Right along those same lines, one only needed to look at the offensive line the Chiefs lined up with Sunday to see their continued stubbornness in action. While they may have finally bit the bullet and admitted that moving Hali was a mistake, Damion McIntosh is still plugging away as the starter at right tackle.
So it came as no real surprise when, late in the fourth quarter and clinging to a three-point lead, the coaching staff decided to crawl into a shell and run the ball on three consecutive plays. They didn't get a first down, they gave the ball back to Favre, and the final result was another loss.
Gailey has taken responsibility for the play-calling, but he's not the head coach. If Edwards disagreed – and there's been nothing said to suggest that he did – he should have overruled his coordinator.
Despite the many frustrating losses that both men have suffered as a direct result of their conservative philosophies, and despite the fact that three straight runs went against everything that had been working for the Chiefs on Sunday, Gailey and Edwards stubbornly dug in their heels when it was crunch time. That, above anything positive accomplished by the coaches, will be the lasting memory of Sunday's game.
The Chiefs are a one-win team with nothing at stake this season but their draft position. If Edwards can't bring himself to be a little bit flexible with the way things are right now, under what circumstances would he ever feel comfortable leaving his shell and running something more unpredictable than three straight runs and a punt?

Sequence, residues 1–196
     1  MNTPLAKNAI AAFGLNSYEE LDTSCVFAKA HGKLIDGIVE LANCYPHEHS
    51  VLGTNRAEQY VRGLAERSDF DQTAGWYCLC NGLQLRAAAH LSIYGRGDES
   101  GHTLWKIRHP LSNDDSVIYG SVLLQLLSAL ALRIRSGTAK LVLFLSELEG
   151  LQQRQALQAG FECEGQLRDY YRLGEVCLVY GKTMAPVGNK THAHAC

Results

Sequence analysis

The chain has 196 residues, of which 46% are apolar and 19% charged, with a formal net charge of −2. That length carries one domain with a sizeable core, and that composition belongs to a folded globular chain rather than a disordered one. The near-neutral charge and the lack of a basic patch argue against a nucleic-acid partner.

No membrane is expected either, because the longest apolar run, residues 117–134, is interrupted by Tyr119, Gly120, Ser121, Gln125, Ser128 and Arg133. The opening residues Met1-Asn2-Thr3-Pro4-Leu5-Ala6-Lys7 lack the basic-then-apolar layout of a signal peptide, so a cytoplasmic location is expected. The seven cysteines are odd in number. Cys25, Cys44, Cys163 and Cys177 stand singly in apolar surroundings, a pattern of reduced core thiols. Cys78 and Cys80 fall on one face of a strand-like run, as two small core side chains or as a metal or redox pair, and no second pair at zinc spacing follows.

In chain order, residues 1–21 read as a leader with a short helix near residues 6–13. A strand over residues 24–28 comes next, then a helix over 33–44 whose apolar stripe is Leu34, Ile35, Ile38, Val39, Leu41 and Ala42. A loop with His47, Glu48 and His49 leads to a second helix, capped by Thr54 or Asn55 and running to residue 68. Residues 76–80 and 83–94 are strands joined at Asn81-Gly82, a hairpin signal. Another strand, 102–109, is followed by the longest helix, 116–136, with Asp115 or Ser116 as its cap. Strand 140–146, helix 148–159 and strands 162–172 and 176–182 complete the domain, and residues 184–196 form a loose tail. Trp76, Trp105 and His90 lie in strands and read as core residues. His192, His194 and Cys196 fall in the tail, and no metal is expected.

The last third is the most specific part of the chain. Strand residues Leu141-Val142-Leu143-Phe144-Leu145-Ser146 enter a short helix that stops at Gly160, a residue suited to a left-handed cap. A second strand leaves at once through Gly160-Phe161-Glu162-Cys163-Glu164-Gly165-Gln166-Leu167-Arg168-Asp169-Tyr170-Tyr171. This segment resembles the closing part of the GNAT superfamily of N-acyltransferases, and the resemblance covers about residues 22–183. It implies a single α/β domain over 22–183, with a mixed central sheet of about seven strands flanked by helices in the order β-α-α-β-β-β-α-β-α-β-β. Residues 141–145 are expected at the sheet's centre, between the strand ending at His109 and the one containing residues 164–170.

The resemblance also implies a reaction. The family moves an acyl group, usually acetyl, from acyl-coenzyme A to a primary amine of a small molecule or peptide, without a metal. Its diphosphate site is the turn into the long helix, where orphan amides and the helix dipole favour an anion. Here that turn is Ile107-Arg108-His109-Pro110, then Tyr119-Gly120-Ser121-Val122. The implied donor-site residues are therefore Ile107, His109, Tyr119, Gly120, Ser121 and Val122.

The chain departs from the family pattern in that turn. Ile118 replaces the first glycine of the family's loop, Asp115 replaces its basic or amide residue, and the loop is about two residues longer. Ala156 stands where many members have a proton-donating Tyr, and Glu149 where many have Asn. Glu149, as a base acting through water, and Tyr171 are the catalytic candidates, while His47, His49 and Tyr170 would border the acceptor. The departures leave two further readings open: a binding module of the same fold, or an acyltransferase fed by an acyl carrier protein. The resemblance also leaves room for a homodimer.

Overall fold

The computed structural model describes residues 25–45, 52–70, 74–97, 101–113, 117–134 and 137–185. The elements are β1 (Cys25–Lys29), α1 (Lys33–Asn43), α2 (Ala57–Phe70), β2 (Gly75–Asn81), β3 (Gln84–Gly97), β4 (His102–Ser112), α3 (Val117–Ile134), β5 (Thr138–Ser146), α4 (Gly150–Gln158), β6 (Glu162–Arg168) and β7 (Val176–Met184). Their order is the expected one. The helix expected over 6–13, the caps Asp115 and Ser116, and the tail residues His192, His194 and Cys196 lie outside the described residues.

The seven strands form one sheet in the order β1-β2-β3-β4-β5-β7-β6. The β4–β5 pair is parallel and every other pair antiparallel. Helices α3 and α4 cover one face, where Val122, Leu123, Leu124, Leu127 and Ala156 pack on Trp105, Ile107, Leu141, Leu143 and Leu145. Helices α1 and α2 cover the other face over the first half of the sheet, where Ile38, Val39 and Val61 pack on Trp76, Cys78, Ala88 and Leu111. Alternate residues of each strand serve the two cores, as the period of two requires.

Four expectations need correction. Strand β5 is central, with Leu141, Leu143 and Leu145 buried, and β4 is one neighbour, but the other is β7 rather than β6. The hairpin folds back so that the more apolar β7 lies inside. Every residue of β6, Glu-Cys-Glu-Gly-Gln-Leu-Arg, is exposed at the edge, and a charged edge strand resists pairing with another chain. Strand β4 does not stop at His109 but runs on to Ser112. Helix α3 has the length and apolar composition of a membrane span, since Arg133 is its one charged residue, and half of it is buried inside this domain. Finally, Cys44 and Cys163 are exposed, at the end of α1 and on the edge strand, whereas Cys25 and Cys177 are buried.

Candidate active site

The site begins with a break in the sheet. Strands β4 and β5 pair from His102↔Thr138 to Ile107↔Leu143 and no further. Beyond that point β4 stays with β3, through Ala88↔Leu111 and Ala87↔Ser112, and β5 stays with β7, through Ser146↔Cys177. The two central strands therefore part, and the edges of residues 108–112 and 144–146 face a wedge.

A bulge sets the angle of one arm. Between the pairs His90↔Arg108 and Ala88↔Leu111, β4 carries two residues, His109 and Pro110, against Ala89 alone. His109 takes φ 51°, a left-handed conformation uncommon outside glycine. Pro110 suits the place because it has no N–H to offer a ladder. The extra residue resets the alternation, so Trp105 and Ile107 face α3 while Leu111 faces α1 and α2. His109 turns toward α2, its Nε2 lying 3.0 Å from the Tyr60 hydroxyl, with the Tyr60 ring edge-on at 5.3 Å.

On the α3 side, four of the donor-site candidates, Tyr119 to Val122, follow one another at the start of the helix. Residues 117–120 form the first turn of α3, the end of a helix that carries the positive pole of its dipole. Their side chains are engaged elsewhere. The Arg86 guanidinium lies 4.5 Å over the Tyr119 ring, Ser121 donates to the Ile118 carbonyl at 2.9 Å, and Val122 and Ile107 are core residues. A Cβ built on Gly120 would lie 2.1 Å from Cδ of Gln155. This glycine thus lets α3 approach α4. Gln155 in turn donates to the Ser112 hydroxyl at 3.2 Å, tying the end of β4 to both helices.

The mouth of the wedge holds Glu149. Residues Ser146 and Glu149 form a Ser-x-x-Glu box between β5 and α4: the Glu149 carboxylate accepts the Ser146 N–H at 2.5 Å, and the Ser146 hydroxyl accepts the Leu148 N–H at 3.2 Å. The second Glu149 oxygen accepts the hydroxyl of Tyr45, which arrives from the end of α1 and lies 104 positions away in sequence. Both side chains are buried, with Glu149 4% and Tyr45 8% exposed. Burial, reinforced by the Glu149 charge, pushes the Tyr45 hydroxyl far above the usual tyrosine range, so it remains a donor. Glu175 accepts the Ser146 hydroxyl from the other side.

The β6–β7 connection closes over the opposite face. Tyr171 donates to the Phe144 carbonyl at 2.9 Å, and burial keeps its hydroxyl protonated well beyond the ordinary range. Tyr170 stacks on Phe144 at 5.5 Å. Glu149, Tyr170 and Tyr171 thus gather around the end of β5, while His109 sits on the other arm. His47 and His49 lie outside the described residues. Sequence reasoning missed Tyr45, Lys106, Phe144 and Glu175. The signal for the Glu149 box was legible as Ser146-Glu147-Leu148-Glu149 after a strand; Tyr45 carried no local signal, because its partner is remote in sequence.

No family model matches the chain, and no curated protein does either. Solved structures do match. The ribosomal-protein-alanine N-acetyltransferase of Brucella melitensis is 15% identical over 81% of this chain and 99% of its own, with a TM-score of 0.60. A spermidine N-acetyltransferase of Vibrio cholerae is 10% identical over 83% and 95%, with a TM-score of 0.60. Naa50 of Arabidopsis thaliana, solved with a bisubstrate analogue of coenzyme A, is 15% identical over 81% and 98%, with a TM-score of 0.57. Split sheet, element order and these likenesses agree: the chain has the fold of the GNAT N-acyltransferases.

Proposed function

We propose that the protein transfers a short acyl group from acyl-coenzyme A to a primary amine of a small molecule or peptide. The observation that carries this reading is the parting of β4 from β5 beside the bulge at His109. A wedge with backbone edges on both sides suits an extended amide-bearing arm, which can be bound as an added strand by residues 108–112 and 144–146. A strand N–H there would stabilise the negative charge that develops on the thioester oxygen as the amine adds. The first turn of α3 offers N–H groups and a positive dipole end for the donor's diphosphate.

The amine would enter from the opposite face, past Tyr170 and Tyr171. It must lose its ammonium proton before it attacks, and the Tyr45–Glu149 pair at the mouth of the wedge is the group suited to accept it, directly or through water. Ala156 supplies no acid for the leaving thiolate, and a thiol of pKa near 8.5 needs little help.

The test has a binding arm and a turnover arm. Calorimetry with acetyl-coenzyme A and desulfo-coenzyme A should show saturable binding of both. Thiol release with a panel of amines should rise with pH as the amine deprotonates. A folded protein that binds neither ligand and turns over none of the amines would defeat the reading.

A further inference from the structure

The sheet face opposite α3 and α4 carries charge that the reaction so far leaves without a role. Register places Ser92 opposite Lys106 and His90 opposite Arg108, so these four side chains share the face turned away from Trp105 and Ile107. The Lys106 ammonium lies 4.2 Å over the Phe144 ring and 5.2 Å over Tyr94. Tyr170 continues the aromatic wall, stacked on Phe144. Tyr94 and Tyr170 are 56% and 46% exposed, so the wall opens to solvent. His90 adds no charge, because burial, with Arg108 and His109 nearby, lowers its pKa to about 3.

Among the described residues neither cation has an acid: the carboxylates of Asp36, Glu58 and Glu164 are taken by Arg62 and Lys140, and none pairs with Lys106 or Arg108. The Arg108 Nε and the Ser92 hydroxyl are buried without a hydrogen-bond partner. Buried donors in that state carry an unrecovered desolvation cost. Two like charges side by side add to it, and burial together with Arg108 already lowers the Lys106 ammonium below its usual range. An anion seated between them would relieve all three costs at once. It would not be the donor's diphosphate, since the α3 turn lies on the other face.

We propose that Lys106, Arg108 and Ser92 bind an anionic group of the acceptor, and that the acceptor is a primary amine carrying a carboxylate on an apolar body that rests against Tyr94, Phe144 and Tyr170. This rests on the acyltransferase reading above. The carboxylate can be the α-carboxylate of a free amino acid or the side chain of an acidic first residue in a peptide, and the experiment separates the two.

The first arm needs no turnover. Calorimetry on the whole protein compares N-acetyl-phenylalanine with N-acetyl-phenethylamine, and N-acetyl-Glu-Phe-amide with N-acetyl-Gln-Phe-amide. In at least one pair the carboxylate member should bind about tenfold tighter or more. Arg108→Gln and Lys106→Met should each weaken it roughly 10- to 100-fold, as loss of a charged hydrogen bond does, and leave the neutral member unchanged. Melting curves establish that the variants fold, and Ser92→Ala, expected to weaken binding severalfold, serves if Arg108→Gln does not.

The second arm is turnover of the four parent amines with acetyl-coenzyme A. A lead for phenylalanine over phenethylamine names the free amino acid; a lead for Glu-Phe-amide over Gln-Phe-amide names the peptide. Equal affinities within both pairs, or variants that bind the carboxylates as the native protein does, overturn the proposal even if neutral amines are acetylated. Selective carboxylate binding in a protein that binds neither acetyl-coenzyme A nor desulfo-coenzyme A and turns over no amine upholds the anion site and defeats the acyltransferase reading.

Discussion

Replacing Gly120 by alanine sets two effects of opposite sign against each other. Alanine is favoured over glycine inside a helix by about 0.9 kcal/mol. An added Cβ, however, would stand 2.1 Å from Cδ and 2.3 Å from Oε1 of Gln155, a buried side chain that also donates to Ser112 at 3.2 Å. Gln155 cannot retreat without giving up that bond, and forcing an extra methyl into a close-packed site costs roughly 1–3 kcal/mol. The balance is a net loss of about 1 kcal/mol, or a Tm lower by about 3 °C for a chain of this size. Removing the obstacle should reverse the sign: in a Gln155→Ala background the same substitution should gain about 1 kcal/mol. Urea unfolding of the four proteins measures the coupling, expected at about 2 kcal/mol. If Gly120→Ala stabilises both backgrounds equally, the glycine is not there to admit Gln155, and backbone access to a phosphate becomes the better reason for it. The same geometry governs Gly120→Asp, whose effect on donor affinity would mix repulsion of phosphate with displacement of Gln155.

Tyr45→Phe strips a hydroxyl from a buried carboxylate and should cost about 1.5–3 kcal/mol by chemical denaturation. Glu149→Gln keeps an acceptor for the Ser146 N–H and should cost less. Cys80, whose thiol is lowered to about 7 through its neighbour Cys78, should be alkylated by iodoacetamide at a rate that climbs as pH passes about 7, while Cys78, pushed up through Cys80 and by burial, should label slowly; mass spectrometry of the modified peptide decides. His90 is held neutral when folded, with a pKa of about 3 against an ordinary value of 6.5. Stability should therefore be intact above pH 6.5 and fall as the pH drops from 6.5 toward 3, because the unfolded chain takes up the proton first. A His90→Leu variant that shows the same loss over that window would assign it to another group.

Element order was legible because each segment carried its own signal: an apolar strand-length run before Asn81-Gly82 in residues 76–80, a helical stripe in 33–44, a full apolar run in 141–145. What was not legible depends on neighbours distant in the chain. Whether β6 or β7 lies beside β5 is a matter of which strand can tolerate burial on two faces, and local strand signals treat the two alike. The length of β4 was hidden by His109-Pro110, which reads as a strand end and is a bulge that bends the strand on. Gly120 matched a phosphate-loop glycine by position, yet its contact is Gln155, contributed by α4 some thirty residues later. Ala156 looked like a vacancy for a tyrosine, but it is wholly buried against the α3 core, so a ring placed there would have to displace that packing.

Let's hope Clark Hunt has similar questions in mind when the season ends.
Incidentally, as a reminder to everyone still hoping to see Bill Cowher as KC's next coach, going conservative and "playing not to lose" late in games was easily his biggest criticism during his time in Pittsburgh.
Was Tyler Thigpen's performance against New York the quarterback version of Larry Johnson's game against Denver?
With both teams sitting at 4-3, the Jets and Broncos could have quite a battle over the title of "league's biggest fraud."
After Johnson tore up the Broncos for nearly 200 yards, he was held to just two the next week against the Panthers. Whatever the quarterback equivalent of a two-yard rushing performance is, here's hoping we don't see it against Tampa Bay this week.
Not only do the Buccaneers present a much stiffer test, they will have had a week to adjust to Kansas City's spread offense. Expecting Thigpen to repeat his performance from last week isn't realistic.
The key, even if he struggles, is for Thigpen not to completely collapse. As long as he can still keep the offense moving, it won't be the end of the world if he makes some mistakes and gets tricked into throwing a few interceptions.
But if he reverts back to his form from the Atlanta game – inaccurate, looking like he shouldn't even be on the field, making the Jets game look like a fluke – that would be a tough pill to swallow.
Even if it doesn't translate into wins, if the Chiefs can keep playing like they did on Sunday, with young players starting to step up and emerge, the rest of the season could still be fun to watch. Thigpen continuing his maturation would go a long way towards making that happen.
Week Eight - Issues Surrounding The Chiefs